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Labat: A Creole Legacy Project Records

Object Details

Scope and Contents note
The Labat: A Creole Legacy project records, 2001-2004, contain material related to the creation of the Labat: A Creole Legacy quilt. The quilt, based on the life and family history of Celestine Labat, was created by the artist Lori K. Gordon and acquired by the Smithsonian Institution in 2004. Series 1: Writings contains correspondence, writings, notes, and speeches by Gordon her life, work, and research on Labat family history, and friendship with Labat. Series 2: Interview Transcripts consist of transcripts of Gordon's interviews of Labat. Series 3: Printed Materials consists of newspaper clippings and artwork related to Labat, Gordon, and the quilt. Series 4: Audiovisual Materials consists of 21 audiocassettes and 4 videocassettes containing interview material. Series 5: Digital Materials consists of 1 floppy disk and 3 CDs containing images and documents related to creation of the quilt.
Biographical/Historical note
Biography of Celestine Labat -- Celestine Labat (1898-2002), educator and traveler, was born and raised in Bay St. Louis, Mississippi, in a large Creole family. Her mother Leonora Fayard was a homemaker, and her father Joseph Labat, known as "Papa Joe," was a builder and engineer. Celestine Labat's education would have been limited to eighth grade due to racial discrimination, but she moved to Indianapolis and did domestic work in order to finish high school. Upon graduation, she returned to Mississippi and became a secondary school teacher. After a decade of teaching, her desire for higher education prompted a move to Washington, DC, where she attained a bachelor's degree in science during the years of WWII. She continued teaching, moving to San Antonio, Texas, then Los Angeles, California, where she got her master's degree in education at the University of Southern California. She again returned to Mississippi and taught at St. Augustine Seminary for twenty years before retiring at age 72. She remained active until the last years of her life, and at age 102 was the featured speaker at a Hancock County Historical Society luncheon where she met artist Lori K. Gordon. Their collaboration lasted until her death in 2002. Biography of Lori K. Gordon -- Lori K. Gordon (1958-), visual artist, is originally from eastern South Dakota but now makes her home in Bay St. Louis, Mississippi. Her work reflects her interest in social issues and her environment, such as the "Katrina Collection," in which Gordon made art from found objects after her studio and community were devastated by Hurricane Katrina. Her meeting with Celestine Labat in 2000 was the start of a friendship and collaboration that resulted in the art quilt, "Labat: A Creole Legacy," acquired in 2004 by the Smithsonian institution. Gordon's work spans arts forms including sculpture, collage, and painting, and is in public and private collections around the world. She is also the founder and president of Six Degrees Consortium, a nonprofit organization created to "enable the creation and dissemination of works of art that are socially relevant, timely, build bridges across cultures and that address the issues faced by humans in an ever-shrinking world."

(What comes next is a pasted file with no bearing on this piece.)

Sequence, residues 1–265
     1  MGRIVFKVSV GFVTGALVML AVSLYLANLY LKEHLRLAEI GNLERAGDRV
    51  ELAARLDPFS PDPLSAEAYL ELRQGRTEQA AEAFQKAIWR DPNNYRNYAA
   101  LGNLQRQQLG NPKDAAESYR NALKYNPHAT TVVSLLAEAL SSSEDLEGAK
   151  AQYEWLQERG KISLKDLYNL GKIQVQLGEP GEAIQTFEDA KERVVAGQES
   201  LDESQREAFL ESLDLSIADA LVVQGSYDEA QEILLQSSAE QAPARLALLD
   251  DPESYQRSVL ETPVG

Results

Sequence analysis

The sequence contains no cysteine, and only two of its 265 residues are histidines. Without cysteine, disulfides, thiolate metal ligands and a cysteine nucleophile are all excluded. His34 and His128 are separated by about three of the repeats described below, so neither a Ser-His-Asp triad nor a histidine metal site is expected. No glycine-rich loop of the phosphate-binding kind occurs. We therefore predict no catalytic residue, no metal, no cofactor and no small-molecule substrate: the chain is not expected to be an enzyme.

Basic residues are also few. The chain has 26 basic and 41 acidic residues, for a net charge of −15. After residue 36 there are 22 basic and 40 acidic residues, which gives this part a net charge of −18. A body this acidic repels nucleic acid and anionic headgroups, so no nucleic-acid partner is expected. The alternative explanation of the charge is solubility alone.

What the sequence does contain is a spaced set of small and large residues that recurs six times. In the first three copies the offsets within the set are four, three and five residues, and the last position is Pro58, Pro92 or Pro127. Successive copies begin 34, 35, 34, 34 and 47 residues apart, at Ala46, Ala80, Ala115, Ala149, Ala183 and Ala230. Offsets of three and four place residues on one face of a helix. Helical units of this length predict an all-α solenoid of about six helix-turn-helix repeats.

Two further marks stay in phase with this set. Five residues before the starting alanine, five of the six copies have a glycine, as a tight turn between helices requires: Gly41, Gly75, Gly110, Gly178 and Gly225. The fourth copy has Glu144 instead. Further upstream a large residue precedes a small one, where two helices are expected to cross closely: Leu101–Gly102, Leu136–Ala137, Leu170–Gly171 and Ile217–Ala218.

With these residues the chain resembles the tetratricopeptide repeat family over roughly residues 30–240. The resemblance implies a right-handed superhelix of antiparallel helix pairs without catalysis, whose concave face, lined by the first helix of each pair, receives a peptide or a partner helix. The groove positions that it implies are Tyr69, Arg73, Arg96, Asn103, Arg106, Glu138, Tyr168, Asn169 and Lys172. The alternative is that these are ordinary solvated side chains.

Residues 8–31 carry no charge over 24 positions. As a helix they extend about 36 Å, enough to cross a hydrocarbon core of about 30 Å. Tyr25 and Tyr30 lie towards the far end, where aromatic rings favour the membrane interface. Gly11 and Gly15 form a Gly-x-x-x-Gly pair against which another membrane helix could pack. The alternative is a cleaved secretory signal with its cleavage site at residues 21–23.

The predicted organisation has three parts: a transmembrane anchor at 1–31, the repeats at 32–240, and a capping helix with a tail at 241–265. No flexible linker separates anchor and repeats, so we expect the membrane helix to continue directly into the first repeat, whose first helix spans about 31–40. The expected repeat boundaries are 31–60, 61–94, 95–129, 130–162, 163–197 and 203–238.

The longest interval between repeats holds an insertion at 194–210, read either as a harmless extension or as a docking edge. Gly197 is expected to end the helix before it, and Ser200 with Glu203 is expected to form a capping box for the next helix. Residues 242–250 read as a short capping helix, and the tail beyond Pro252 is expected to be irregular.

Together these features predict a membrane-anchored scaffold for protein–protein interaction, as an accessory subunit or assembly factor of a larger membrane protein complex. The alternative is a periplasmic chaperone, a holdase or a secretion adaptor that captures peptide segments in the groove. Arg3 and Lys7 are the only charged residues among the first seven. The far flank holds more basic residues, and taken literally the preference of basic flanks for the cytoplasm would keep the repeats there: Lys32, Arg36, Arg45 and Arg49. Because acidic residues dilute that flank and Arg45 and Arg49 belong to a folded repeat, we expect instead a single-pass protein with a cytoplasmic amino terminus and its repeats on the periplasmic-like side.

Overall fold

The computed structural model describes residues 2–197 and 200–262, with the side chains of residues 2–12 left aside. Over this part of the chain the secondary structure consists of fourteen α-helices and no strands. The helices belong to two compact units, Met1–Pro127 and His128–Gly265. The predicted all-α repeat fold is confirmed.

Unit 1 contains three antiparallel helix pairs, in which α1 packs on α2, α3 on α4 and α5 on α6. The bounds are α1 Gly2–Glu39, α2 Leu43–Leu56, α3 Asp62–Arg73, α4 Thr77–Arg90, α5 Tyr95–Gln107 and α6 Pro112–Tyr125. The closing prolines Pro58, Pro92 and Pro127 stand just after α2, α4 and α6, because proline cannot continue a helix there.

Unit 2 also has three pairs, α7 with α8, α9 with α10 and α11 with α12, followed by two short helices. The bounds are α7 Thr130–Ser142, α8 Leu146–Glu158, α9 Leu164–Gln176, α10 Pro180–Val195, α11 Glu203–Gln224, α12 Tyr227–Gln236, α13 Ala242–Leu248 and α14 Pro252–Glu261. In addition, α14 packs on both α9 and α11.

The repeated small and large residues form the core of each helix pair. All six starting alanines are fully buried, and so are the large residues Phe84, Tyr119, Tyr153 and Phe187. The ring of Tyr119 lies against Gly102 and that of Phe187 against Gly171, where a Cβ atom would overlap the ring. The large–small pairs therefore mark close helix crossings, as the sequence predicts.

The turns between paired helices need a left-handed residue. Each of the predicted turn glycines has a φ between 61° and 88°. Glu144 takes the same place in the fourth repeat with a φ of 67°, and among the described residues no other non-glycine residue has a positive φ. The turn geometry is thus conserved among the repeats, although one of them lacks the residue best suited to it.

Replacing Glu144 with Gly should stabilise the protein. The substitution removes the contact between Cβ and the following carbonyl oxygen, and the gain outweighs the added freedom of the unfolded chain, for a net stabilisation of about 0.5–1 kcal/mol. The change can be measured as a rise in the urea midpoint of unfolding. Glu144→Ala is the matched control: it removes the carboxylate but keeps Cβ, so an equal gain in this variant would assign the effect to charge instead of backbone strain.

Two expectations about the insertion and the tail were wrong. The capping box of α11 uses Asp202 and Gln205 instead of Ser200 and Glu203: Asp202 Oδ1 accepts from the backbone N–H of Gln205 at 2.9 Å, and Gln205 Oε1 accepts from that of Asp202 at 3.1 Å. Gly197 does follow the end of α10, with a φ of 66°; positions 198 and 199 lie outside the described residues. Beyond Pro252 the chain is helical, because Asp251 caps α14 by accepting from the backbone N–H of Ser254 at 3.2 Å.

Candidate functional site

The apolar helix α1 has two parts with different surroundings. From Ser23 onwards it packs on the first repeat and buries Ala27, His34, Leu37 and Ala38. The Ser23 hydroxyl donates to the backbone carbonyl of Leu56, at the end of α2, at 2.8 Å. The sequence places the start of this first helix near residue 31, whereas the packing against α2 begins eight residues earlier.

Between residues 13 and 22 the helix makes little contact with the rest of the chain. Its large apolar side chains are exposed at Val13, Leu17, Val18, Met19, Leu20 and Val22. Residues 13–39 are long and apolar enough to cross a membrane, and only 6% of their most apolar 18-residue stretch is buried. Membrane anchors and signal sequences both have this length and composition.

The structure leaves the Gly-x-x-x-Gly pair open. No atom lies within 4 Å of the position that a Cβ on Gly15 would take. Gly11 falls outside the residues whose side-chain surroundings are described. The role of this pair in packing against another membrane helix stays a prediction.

1.31 Linear feet (2 boxes; audiocassettes, videocassettes, floppy disk, CDs)
The Labat: A Creole Legacy project records were donated to the Anacostia Community Museum in 2004 by Lori K. Gordon.
The Labat: A Creole Legacy project records are the physical property of the Anacostia Community Museum. Literary and copyright belong to Lori K. Gordon or their legal heirs and assigns. For further information contact the Museum Archives.
Labat: A Creole Legacy Project records, Anacostia Community Museum Archives, Smithsonian Institution, gift of Lori K. Gordon.
Collection descriptions
Archival materials
Oral histories (document genres)
Floppy disks
Vhs (videotape format)
African American families
African American women educators
African American women
African Americans -- Race identity
"Labat: A Creole Legacy" project records
Finding aid
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